To the Editor: We read with interest the article
by Dr Singer et al1 concerning the cognitive outcomes of preschool
children with prenatal exposure to cocaine. The authors make a concerted effort
to control for multiple confounding variables, including sex, intelligence
of caregivers, and degree of cocaine exposure. They also stress the importance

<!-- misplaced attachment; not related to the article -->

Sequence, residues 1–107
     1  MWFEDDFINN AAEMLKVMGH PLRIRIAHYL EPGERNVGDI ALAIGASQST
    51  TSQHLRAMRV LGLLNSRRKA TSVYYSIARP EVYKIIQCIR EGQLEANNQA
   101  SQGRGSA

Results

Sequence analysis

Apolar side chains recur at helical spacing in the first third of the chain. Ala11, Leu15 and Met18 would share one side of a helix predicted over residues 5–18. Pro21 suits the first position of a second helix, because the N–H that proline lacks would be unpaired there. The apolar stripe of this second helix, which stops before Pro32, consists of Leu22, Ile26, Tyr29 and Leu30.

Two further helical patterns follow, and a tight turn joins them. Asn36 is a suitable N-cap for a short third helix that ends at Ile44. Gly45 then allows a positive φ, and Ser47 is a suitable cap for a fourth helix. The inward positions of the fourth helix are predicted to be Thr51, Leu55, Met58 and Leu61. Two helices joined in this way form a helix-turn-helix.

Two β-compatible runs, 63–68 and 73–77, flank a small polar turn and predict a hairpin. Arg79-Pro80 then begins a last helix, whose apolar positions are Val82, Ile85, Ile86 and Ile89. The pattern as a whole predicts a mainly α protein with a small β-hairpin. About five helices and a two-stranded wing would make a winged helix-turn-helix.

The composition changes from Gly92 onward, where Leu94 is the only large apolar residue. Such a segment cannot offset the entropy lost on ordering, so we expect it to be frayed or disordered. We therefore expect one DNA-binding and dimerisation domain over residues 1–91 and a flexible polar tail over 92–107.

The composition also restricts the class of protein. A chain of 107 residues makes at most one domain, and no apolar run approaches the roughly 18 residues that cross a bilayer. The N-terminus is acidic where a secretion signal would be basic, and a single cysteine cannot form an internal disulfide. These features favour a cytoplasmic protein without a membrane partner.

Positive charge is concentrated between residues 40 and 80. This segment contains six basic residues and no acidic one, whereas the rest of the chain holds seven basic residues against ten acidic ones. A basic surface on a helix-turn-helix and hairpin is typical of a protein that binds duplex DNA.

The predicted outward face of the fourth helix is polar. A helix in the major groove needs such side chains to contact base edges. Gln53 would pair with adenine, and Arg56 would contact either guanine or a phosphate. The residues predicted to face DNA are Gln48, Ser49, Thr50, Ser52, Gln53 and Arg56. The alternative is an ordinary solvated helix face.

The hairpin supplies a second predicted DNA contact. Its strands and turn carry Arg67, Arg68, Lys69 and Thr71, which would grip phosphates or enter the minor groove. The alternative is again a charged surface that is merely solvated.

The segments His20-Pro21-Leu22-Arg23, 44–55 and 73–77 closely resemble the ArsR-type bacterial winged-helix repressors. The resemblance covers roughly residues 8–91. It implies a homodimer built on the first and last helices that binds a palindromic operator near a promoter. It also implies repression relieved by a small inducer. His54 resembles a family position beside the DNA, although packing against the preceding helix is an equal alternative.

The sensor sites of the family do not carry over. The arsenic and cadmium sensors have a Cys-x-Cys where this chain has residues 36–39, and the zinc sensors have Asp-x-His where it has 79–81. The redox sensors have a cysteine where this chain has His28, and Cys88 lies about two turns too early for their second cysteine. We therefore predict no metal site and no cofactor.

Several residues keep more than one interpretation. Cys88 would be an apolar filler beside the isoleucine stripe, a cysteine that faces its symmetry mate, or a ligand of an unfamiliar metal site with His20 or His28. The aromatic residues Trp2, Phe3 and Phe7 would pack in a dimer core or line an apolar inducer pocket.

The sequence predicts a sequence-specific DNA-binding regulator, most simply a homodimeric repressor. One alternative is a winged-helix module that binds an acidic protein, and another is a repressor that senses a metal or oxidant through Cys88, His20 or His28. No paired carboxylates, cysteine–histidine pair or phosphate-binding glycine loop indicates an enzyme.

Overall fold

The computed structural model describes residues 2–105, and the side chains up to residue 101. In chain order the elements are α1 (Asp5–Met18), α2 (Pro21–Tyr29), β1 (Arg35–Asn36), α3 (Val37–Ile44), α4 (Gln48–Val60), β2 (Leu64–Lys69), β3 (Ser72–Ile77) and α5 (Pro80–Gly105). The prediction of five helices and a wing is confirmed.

of the environment in which the children are placed as a determinant of their
cognitive outcome. However, they do not address lead levels, an important
environmental variable known to be strongly associated with both socioeconomic
status and development of cognitive ability.2-5 We
believe that the absence of this information may weaken their conclusions.
Greller HA, Hoffman RS. Lead Exposure and Cognitive Outcomes of Children With Prenatal Cocaine Exposure. JAMA. 2004;292(9):1021. doi:10.1001/jama.292.9.1021-a
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